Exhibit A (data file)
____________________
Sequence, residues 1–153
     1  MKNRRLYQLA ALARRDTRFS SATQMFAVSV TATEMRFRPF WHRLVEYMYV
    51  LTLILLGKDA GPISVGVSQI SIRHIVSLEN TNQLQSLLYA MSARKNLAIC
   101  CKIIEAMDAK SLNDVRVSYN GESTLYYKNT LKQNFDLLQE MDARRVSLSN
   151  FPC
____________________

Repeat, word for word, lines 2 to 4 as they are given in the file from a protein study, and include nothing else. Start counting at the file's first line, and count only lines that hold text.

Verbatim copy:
     1  MKNRRLYQLA ALARRDTRFS SATQMFAVSV TATEMRFRPF WHRLVEYMYV
    51  LTLILLGKDA GPISVGVSQI SIRHIVSLEN TNQLQSLLYA MSARKNLAIC
   101  CKIIEAMDAK SLNDVRVSYN GESTLYYKNT LKQNFDLLQE MDARRVSLSN